Chauncey Billups became the latest offender of the league’s policy against flopping on Wednesday, receiving a warning for this kickout of his left leg late in the Clippers win over the Jazz on December 3.
It’s a clear flop, but the problem is that it worked to perfection. L.A. was trailing by two, and Billups was awarded three free throws for his actions. He made two of the three, and it helped the Clippers come away with a 105-104 victory.
It almost seems like the league’s purpose with these warnings to put the responsibility of calls made by the officials on the players, rather than on the referees themselves. The fines need to be harsher or suspensions need to be levied if that’s the true intention, because there’s no taking away those three free throws that were illegitimately earned by Billups.
Report: Dewayne Dedmon opts in for $6.3 million with Hawks
There just wasn’t going to be that much money for the 28-year-old Dedmon in a tight market this summer.
Dedmon is a good defender, and he developed his ball skills – as a 3-point shooter and passer – in Atlanta last season. The Hawks could look to trade him. Maybe, in a deal primarily about his expiring contract, he adds extra value to the other team due to his playing ability.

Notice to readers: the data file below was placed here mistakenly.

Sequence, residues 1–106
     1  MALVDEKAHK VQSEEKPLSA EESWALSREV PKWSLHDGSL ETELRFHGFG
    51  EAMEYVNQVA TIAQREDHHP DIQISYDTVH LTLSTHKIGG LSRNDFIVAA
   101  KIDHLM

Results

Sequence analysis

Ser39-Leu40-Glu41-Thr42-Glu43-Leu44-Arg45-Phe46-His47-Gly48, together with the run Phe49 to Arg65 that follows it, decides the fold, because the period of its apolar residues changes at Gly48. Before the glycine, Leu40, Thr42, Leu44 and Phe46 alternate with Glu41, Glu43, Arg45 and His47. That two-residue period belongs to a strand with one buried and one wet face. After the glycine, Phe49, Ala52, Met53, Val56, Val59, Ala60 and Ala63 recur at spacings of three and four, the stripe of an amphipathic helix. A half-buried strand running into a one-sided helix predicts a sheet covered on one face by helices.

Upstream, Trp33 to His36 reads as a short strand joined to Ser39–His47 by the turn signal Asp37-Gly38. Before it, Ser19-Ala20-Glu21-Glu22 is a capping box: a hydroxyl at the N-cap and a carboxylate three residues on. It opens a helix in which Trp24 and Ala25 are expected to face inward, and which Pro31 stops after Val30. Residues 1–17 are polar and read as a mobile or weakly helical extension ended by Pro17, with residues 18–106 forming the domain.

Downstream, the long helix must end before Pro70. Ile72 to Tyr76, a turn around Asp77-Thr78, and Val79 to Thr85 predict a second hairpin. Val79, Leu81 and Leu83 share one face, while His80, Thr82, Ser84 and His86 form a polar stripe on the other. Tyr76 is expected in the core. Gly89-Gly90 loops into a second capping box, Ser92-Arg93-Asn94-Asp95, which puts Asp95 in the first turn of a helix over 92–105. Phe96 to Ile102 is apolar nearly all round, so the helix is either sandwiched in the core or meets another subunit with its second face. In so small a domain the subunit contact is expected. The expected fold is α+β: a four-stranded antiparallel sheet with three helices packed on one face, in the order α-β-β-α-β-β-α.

If Atlanta doesn’t move him, Dedmon will be a fine player on a likely tanking team. At least he’s not good enough to subvert the Hawks’ tank, especially with the new lottery format.
Nick Young says ‘everybody needs to do cocaine,’ later insists he was joking
This is good return for the 76ers, who everyone knew had to trade a draft pick. The rebuilding Bulls could easily land a higher second-round pick than No. 39 next year.
Why do the Lakers want an extra second-rounder this year? Second-round picks don’t count against the cap until signed, and they can always slightly sweeten a trade offer. They’re helpful for a team with big plans and little wiggle room.
The Knicks expected this for a while, and they’re probably not disappointed. Steve Mills and Scott Perry want to put their stamp on the franchise. O’Quinn is a leftover from the Phil Jackson era and a reminder of the recent tumult in New York.
O’Quinn’s combination of block percentage (6.1) and defensive-rebounding percentage (27.8) was unmatched last season. He just really struck a nice balance between contesting shots and remaining in position on the glass. He’s also a smooth mid-range shooter with an improved ability to distribute.
How much is that player worth?
It’ll be a tight market, especially for bigs. For his sake, I hope the 28-year-old O’Quinn already has assurances from other teams. He might get a similar salary or, more likely, a larger overall guarantee on a multi-year deal. But it’s also possible he comes out behind by testing free agency.